Dr Caroline Trevithick took away the notion ‘Empowered women, empower women’ from a panel she was on, discussing intersectionality. ‘I’ve taken that to heart as bit of a mantra. And so in all of the mentoring and championing that I do, and I’ve got six women that I informally mentor, I talk to them about their responsibility to empower other women as they’re coming along their leadership journey. I think there is still a challenge around ensuring that women understand that sense of responsibility for others.’

Leadership style

NEL’s Zina Etheridge says that a general point for public sector leadership is that there can be a tendency to want a hero leadership model. ‘Quite often, that’s not the model of women’s leadership. There are lots of men who are not that in that mold, either. But I think women are less likely than men to be in that mold.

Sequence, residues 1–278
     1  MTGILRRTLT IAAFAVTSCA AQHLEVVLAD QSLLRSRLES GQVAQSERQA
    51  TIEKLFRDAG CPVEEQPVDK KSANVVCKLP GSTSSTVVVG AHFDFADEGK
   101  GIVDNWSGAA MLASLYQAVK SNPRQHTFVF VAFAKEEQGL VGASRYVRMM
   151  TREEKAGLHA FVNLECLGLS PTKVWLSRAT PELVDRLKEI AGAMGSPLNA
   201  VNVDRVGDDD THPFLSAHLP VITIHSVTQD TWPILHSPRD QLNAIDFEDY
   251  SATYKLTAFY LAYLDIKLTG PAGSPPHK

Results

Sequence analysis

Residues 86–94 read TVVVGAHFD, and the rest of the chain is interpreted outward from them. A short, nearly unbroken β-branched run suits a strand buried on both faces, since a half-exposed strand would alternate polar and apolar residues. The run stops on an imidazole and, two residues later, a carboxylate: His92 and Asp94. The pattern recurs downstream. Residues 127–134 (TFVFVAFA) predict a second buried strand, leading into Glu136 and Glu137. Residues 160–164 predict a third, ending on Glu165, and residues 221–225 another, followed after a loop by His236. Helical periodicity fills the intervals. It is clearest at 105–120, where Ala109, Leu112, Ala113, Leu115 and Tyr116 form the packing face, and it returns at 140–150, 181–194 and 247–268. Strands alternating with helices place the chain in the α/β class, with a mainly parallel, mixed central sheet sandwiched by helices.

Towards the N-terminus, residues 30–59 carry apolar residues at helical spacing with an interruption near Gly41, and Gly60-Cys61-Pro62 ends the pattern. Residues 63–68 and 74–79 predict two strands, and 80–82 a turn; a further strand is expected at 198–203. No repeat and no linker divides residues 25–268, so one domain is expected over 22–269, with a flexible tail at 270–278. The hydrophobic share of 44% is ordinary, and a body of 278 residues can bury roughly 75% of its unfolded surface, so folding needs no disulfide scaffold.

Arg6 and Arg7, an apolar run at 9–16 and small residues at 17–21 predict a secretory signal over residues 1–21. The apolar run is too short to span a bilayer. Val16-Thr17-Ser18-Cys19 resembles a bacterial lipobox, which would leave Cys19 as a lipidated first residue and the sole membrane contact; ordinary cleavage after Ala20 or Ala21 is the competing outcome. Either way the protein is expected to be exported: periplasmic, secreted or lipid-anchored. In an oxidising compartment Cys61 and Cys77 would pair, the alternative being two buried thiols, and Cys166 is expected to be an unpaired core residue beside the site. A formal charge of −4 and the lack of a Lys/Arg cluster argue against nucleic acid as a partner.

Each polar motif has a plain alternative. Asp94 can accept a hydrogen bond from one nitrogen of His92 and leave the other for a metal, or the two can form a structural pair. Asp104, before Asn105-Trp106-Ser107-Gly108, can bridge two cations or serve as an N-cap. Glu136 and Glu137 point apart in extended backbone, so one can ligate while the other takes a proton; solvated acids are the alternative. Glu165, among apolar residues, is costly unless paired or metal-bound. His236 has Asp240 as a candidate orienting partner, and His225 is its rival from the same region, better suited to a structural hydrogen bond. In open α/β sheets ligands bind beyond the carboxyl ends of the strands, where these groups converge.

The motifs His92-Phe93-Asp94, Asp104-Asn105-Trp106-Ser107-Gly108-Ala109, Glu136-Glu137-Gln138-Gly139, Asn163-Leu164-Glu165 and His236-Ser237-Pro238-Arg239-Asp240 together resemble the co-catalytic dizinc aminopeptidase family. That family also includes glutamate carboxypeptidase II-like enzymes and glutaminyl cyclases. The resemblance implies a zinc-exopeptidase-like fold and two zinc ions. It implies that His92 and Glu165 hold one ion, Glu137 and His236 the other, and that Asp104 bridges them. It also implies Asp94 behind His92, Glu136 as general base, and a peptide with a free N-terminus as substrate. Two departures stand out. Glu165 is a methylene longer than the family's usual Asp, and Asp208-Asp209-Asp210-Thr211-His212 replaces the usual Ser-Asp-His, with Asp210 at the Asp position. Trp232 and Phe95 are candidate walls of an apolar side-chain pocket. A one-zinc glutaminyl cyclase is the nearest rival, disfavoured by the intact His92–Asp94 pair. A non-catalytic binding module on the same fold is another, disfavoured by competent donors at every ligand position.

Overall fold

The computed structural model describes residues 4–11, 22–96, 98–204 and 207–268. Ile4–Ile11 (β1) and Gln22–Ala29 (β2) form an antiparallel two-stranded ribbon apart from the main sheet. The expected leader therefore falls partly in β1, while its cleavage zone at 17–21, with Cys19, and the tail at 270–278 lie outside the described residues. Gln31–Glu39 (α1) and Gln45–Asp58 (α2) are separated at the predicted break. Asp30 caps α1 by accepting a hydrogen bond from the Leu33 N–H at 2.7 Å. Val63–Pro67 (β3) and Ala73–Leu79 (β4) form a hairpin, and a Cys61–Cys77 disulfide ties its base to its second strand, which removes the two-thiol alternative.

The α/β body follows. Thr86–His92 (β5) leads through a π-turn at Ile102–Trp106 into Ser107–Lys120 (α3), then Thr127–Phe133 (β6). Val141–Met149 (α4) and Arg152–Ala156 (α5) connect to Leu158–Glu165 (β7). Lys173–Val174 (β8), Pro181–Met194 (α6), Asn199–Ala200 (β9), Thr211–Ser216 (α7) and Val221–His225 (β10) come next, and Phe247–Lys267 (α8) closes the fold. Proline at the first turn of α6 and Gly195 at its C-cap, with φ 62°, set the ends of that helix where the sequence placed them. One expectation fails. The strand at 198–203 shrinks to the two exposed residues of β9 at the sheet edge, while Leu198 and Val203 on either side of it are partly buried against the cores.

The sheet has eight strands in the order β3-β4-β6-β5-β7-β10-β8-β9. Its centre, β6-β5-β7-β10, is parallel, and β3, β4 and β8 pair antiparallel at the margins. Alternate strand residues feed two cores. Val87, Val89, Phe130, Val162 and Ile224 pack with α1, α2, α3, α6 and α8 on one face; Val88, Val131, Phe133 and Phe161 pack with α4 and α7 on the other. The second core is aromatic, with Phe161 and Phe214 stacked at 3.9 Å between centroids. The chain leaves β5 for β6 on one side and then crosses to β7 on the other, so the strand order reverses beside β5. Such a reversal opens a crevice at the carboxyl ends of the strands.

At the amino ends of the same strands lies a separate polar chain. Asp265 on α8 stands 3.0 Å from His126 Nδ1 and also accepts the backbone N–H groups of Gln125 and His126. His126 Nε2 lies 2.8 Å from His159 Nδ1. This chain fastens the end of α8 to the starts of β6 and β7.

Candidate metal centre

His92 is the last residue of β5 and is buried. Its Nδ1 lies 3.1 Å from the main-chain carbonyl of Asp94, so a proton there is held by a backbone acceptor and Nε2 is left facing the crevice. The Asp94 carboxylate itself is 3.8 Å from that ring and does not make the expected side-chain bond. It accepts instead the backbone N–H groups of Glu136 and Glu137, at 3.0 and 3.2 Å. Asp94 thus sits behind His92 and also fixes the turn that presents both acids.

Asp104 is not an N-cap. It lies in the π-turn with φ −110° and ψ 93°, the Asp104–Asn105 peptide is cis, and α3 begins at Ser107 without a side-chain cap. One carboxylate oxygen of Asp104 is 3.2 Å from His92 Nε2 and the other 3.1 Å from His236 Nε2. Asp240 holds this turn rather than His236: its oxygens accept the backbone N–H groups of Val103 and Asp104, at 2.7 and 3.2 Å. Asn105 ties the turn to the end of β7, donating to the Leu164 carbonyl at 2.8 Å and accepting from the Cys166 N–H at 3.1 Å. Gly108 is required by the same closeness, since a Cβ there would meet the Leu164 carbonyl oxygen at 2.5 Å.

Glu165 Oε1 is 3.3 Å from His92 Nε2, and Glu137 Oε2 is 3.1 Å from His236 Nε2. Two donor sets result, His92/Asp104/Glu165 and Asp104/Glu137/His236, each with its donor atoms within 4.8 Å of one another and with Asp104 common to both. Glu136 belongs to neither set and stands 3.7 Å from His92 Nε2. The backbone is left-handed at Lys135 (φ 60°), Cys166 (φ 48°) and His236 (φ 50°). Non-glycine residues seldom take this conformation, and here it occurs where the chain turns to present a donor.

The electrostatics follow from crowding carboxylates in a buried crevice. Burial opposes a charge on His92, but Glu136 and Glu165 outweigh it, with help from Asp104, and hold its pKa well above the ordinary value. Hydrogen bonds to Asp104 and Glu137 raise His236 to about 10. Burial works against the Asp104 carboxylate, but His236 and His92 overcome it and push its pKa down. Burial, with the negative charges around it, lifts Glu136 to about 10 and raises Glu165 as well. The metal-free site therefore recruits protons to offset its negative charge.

‘I don’t think hero leadership is the right model for the complexity of the world that we’ve got around us. It certainly doesn’t get as many women into leadership positions as you would otherwise,’ she says.

LLR’s Dr Caroline Trevithick adds that she’s heard women leaders talk about the fact that the style of leadership seen the NHS at the moment doesn’t align to their personal style of leadership.

‘We need to understand that more. We don’t value or see compassionate leadership as being a driving trait. There’s a perception that it is sometimes seen as a bit of a weakness.’

Gloucestershire’s Mary Hutton says, ‘I do feel that women don’t put themselves forward as quickly or as early for opportunities. That’s another thing that I think needs to be addressed.’